Don’t you hate walking down the front of the electronics aisle at the big blue superstore? You know, the one where they have stacks of TVs and large bins of movies to dig through? Movies, which, by the way, this is a lot of commas, you would never actually watch? Like Sylvester Stallone’s Over the Top, a movie about arm-wrestling. Seriously? Who thought that was a good idea?
But that aisle that separates the electronics area from the rest of the store is where they lurk. Standing there with their clipboards and their nice tucked-in polo shirts… The Sales Assaultiate. Dun dun dun.
I can’t stand them. Heck, I can’t even stand the thought of them. Or what they do. They’re almost as bad as the old women who ask to see your receipt. They stand there and watch you coming, and you make that uncomfortable eye contact as they throw a light smile at you and start shifting their weight to be right in your way. And you know what’s coming. They’re gonna ask who your internet provider is.
Dude, seriously? I came here to shop. Not be assaulted by a sales guy trying to get me to sign up with a rival internet service provider. And so what if I can get it for ten dollars less per month? I still have to go through the hassle of being there on a Tuesday between 2 and 6 while they do a half-ass job installing something they barely understand. And then I have to cancel my current one and send back the modem I’m using now. I don’t even know where a FedEx drop location is. So the box will end up sitting in my garage because I’m too lazy to find one – and not to mention, don’t believe I should have to find one to return this thing. Why should it be my job? It should be that guy’s job who stopped me in the store to begin with.
There are two ways you can deal with these guys. Well, technically three, but I’m not going to talk about the illegal one. The first way is to politely say, “No, thank you, I’m not interested. No seriously, I said I wasn’t interested. Get your damn hand off my arm before I break your nose.” And walk away. The second way is to just say, “I already use Spectrum.” And walk away. Of course, you can stop and listen to their spiel and maybe even be talked into buying what they’re selling. But I didn’t mention that option because it’s the gay option.
If I want better, or new, or faster internet service, I will go looking for it. I will come to you, douchebag. Don’t stop me in the middle of a market when I have a full basket and a nine-year-old clinging to my hand begging me for Pokemon cards. It’s maddening. Don’t just assume that I want to stop and talk to you because you have such a great product.
Of course, they’re just doing their jobs. Kind of like telemarketers who call you in the middle of your turducken sandwich and ask if you’d like a water purifier. So I don’t really feel all that sorry for them when I’m rude to them, because they chose that job. But mainly, I would say this is an open letter to the companies that think it’s okay to station someone in a store and assault people with this aggressive sales tactic. You should be ashamed of yourselves.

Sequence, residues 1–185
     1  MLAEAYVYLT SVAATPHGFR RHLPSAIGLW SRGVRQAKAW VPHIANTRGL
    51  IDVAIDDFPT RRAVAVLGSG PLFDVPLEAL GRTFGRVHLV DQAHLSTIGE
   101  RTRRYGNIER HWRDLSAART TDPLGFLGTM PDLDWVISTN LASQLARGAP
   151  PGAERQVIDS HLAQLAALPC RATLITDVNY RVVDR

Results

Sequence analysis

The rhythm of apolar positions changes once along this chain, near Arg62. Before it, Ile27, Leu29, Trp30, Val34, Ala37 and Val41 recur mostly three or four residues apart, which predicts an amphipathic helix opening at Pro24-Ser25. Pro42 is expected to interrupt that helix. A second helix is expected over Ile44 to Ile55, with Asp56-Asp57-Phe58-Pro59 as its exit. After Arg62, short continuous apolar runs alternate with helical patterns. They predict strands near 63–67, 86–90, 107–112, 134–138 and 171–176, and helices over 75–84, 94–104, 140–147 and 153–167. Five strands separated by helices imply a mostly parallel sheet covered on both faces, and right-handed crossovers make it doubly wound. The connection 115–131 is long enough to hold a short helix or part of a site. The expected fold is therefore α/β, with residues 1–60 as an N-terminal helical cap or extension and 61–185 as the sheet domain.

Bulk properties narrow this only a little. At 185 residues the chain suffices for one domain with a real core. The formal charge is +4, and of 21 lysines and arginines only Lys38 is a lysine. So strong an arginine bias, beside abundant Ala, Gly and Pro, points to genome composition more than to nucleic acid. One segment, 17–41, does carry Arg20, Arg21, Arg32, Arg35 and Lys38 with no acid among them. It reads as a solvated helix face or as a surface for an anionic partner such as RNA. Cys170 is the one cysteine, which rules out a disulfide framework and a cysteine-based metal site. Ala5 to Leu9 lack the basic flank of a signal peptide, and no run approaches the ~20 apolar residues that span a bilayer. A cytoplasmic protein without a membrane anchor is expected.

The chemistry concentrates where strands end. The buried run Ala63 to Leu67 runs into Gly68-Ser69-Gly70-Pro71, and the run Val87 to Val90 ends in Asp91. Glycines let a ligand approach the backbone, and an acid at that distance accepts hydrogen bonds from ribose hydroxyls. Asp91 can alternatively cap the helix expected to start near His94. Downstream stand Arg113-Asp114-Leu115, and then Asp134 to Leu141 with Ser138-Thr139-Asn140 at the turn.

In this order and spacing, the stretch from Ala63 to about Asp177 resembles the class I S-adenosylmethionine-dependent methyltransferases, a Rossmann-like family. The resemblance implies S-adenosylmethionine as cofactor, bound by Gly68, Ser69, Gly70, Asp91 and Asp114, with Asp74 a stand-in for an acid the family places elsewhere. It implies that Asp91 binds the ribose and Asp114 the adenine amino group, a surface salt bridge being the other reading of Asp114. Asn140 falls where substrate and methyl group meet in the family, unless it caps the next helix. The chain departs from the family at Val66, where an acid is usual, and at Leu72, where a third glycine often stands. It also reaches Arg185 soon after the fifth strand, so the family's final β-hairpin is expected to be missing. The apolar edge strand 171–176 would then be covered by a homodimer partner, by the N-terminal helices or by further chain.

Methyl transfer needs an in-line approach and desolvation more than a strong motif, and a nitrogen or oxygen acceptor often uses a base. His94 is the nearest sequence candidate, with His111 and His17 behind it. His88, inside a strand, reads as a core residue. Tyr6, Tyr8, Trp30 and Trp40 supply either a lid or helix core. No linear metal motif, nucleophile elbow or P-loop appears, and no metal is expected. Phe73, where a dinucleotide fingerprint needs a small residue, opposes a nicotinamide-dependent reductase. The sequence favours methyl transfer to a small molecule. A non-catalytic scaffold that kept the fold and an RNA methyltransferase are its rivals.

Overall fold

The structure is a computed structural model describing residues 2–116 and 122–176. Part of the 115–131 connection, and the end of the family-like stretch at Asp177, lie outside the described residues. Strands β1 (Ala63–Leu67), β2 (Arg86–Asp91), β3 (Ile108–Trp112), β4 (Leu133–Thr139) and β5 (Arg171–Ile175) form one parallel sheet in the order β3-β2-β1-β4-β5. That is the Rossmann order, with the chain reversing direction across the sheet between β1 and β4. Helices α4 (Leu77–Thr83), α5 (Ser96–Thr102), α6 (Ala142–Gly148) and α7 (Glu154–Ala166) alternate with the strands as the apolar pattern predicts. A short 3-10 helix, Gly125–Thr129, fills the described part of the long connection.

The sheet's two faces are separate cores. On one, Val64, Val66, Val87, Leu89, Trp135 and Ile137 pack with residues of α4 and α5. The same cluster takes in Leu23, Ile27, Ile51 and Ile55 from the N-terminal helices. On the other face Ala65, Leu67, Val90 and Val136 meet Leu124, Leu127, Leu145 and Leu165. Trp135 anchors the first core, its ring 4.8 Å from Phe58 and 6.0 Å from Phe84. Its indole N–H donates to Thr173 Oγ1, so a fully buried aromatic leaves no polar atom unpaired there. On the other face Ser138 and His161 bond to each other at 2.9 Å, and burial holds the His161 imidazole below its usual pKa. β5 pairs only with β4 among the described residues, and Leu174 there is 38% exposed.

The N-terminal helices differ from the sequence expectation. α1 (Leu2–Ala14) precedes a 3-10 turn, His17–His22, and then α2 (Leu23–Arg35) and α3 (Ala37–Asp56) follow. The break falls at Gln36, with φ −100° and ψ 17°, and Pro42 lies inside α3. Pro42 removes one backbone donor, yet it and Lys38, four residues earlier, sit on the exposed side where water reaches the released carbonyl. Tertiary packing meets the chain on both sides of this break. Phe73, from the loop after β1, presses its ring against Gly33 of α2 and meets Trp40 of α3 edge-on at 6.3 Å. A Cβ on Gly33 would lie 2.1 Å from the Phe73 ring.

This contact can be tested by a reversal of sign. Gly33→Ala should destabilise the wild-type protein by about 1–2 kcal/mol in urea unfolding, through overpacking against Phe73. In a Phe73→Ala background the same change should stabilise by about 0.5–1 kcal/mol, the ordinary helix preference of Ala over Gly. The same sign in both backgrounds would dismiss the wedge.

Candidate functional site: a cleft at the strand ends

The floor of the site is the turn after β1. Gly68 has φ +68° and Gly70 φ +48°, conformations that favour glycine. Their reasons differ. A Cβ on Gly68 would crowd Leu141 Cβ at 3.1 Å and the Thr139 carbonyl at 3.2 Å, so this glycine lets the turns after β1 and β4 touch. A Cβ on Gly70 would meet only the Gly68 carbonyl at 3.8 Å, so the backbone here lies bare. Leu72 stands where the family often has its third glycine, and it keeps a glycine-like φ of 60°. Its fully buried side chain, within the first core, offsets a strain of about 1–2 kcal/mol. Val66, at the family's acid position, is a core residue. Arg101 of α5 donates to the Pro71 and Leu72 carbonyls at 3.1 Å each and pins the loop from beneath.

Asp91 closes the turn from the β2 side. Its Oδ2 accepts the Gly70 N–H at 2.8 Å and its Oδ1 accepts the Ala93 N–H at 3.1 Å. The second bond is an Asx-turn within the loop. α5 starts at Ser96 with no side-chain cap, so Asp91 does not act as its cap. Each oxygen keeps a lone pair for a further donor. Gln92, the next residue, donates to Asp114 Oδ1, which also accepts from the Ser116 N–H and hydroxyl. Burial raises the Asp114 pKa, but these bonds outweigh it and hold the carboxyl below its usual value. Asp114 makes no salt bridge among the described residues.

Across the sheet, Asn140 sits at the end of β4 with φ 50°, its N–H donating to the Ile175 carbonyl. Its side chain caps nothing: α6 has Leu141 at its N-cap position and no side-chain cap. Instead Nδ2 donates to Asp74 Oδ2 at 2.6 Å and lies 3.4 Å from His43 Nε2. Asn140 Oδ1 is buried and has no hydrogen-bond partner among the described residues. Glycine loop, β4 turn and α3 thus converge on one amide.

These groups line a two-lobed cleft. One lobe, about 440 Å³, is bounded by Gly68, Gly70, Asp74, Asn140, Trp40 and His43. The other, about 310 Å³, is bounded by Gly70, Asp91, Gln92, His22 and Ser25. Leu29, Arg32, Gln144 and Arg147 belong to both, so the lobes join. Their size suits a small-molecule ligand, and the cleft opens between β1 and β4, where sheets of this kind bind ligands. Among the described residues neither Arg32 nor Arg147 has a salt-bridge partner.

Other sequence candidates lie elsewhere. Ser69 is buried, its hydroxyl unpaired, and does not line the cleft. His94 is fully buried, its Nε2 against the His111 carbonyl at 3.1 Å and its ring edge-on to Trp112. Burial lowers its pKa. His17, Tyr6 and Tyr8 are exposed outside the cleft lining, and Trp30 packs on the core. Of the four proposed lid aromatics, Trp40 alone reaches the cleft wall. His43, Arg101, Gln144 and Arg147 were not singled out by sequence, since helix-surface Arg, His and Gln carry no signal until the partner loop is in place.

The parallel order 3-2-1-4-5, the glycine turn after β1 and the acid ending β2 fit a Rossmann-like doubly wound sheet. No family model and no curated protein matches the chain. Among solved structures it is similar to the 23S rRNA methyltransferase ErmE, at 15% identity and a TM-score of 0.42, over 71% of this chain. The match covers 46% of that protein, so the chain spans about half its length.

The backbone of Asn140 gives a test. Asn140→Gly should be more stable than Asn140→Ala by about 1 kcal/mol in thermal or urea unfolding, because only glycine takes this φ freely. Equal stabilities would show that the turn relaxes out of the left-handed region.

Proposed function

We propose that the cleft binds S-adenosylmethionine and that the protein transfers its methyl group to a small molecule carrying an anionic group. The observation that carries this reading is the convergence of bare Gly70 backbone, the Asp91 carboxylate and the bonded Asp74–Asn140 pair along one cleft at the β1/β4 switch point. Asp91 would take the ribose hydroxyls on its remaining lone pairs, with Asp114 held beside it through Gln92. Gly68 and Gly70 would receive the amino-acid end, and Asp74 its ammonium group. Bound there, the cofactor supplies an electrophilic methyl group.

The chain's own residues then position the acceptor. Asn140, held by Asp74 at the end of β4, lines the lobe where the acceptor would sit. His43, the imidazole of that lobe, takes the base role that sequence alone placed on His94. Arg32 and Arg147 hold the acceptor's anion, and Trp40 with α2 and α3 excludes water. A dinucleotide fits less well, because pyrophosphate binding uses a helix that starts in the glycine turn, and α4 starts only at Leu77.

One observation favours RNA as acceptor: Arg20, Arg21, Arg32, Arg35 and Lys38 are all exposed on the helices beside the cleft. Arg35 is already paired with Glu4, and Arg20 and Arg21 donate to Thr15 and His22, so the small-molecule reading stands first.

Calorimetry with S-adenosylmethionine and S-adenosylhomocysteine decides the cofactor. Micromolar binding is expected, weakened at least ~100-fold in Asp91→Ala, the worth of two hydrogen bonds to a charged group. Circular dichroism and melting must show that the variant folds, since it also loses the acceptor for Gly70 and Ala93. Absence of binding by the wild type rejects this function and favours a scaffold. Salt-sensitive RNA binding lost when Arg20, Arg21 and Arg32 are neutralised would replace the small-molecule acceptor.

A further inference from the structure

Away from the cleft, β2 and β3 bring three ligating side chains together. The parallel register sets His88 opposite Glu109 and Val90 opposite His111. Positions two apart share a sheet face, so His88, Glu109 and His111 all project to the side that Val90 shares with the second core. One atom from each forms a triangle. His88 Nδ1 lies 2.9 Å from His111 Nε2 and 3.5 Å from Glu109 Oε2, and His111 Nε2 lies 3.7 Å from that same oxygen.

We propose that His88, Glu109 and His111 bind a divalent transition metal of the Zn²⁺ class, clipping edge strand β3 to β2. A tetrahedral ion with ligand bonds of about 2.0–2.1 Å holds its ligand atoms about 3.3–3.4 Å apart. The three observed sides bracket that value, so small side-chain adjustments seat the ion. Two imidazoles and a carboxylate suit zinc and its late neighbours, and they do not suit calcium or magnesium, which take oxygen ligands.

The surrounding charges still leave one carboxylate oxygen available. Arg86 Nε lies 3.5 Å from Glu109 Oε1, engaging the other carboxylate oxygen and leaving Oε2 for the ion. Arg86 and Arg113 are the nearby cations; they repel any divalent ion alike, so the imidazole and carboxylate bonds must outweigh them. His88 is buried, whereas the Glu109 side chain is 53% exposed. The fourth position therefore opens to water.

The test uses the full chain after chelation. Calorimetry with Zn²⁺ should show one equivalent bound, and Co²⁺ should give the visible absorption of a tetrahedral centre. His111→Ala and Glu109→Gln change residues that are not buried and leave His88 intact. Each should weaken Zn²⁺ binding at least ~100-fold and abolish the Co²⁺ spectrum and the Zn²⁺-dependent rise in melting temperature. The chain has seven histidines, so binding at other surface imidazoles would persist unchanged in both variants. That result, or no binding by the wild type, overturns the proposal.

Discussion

I would be totally okay if you sent the same person there with the same nice little booth full of modems and the same clipboard, and told him to just stand there and smile. But at this point, they can’t even say, “Hey, how are you today?” because I know it’s the opening to their pitch.
I don’t even know if this tactic works. Of course, I guess it works on the weak. Those who are incapable of walking past and being somewhat rude to someone who could be perceived as just trying to start a conversation with you. But I guarantee I can tell you where that conversation is heading. Yeah, it may start with something like, “Hey, pal, did you see the Cowboys game Sunday?” But it’s certainly going to quickly turn to, “Well, you could have seen it better if you had Burt’s Internet Service!”
I am the guy who told you to engage in the elevator. Remember that? And I even offered a refresher course on it. So I know what you’re thinking. Isn’t this hypocritical? Or at least mildly contradictory? Nay, I say. This is totally different. You see, on an elevator, you’re surrounded by people doing the same thing you are. Taking the lazy avenue between floors. You’re on the same page. The same level. The same playing field. You should talk to them. They are probably even your peers, or coworkers. But if you’re shopping and someone is trying to sell you something for which you did not come to the store, the bet is off.
Now I understand, people in elevators may just want to be left alone. One of my ex-wives once told me that when she traveled, she was like that on airplanes. She was in the sales market and was always flying all over the place. So the airplane was where she found her silence. Her alone time. I guess an elevator could be seen as the same thing: a reprieve from the day’s coming conversations. Or from the conversations and interactions you just finished having. Either way, I respect that. But there is now a handsome way to make that very obvious. And every person, I beg, who ever gets on an elevator carries one in her pocket or purse. Yup. That smart phone. Light up your face with that smart phone and you shall be left alone.
Wow. Maybe that’s what I need to do at the TramLaw. I will try that and report back here to tell you if it worked or not. Until then, feed me your ideas. Tell me what you think we should do about this growing epidemic of in-your-faceness.